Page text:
• The King of Kong - This story of obsession, deviousness, ruthlessness, hope, despair and, ultimately, vindication centers on the most unlikely of story vehicles: the video game "Donkey Kong." Featuring a  real-life cast of villains and heroes who defy description, this story exposes many of the overarching elements of the human "drama" as they play out on a totally bizarre stage, that of competitive arcade gaming.  This is a REALLY good documentary that tells a story much bigger than its subject material might suggest.  Score = 99
  • The National Parks: America's Best Idea - In typical Ken Burns fashion, this series of films (6 in all) leaves no stone unturned in examining the history and drama surrounding America's National Park system.  Stunning photography, compelling back stories and narration, jaw-dropping scenery...this series is produced at the highest level.  It sometimes takes a bit of patience to let Burns unwind his stories, but the payoff is almost always worth the wait.  If you love wilderness, you'll find this series well worth your time.  Score = 90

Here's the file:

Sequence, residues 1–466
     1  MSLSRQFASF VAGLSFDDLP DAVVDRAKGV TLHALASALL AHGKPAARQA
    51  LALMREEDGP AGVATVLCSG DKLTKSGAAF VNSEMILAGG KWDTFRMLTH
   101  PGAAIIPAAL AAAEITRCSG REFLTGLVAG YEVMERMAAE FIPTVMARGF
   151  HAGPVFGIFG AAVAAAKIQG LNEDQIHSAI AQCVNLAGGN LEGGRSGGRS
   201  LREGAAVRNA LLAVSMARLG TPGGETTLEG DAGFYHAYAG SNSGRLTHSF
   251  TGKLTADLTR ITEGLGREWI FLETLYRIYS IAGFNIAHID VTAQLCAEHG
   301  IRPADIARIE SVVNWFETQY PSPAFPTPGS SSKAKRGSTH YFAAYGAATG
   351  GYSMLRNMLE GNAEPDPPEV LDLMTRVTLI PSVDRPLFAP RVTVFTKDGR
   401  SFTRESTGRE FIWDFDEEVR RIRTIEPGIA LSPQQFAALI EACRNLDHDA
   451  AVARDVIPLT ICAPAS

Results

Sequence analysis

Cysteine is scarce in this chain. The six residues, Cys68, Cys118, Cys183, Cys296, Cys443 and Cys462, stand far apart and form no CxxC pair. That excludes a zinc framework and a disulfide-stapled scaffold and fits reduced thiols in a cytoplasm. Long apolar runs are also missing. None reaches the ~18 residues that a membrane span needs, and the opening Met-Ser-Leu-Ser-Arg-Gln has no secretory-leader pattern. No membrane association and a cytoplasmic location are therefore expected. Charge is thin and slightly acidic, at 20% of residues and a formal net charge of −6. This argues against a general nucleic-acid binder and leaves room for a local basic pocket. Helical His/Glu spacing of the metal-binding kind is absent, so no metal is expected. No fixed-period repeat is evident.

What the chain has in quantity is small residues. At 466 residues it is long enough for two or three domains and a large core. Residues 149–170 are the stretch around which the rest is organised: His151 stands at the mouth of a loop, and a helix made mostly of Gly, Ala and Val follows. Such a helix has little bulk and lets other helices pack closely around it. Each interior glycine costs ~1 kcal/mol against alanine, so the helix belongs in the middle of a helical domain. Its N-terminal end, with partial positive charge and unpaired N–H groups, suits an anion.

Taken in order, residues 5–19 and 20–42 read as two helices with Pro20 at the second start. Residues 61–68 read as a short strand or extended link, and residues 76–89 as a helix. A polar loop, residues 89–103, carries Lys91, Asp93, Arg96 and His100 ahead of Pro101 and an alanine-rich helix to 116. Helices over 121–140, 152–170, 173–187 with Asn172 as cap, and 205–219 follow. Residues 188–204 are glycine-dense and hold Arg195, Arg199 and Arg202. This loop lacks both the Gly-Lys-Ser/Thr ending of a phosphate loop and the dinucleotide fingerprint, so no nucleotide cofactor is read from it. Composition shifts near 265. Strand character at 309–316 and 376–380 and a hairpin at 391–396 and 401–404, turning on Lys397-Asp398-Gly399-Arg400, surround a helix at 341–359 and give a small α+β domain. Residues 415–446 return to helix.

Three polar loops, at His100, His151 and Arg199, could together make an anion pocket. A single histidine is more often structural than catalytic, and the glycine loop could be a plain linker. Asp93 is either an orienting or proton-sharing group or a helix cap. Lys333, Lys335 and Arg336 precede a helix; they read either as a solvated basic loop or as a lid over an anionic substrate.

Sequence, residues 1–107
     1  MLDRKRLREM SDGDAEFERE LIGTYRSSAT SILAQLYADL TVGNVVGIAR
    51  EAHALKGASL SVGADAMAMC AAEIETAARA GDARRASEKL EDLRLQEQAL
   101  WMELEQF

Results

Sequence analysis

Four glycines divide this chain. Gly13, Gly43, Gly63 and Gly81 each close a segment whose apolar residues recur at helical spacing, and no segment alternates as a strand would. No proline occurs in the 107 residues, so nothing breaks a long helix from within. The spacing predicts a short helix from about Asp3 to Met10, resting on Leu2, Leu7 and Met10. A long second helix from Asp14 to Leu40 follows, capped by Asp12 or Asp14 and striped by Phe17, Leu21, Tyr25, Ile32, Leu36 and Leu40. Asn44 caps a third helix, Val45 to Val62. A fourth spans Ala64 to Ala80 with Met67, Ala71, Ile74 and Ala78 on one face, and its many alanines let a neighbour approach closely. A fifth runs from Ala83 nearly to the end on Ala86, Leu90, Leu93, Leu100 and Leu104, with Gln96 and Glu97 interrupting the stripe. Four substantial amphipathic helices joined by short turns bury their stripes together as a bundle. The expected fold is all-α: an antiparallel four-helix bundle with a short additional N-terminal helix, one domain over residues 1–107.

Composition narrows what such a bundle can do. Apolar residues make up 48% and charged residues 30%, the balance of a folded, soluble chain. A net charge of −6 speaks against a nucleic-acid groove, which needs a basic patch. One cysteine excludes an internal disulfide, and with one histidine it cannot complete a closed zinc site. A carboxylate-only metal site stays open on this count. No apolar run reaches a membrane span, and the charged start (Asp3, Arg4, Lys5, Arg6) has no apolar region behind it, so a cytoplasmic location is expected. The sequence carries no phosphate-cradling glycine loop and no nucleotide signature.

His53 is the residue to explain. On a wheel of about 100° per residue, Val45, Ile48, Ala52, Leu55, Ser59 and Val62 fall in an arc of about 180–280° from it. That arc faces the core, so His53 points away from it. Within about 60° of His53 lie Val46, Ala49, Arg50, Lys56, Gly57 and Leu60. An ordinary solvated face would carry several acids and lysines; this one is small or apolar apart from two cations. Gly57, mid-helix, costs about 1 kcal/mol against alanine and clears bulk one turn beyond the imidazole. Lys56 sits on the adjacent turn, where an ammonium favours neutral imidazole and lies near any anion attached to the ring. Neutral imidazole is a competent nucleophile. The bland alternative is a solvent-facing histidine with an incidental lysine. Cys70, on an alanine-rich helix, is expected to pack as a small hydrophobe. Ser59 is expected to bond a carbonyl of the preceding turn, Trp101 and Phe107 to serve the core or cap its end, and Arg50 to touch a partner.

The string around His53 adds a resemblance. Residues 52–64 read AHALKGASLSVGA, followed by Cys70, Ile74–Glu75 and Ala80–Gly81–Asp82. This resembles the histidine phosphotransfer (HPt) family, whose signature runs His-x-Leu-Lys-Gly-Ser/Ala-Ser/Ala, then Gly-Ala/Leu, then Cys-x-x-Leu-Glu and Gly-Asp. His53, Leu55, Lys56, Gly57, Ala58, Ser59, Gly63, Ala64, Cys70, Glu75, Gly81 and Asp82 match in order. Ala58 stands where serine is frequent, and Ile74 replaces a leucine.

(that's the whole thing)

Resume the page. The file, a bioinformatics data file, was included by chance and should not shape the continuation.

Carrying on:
• The Cove - I'm usually leery of "activist" stories.  I typically find myself somewhat sympathetic to their cause, but disgusted by their tactics.  However, I found this story of a group's effort to halt a Japanese dolphin kill to be more watchable than most, primarily because the story struck a good balance between the story and the activists.  The footage these activists obtained was hard to watch (who wants to watch a dolphin slaughter?), but the film did a good job of providing context - political, environmental, cultural - for the story.  Score = 83
  • National Geographic: Africa - This series of films from National Geographic (7 in all) presents stories of life in Africa, all set in different countries.  Each featured stunning photography, but what I liked most about this series was the fact that each story focused on one or two individuals, revealing what it means to live as an African.  A young boy takes his first trip across the Sahara to help sell camels; A pregnant mother travels with her son from Nairobi to her home village to give birth, while another women treks from far in the bush to visit her family for the first time in 11 years; Jungle-dwellers try to maintain their traditional way of life despite the encroachment of loggers and other outsiders; an Ethiopian man trains to be a priest.  Each story was very different, but taken as a whole they stitched a mesmerizing picture of what it means to be an African.  And, incidentally, I now consider the narrator, Joe Morgan (from Terminator 2), to be the best narrator on the planet.  Score = 95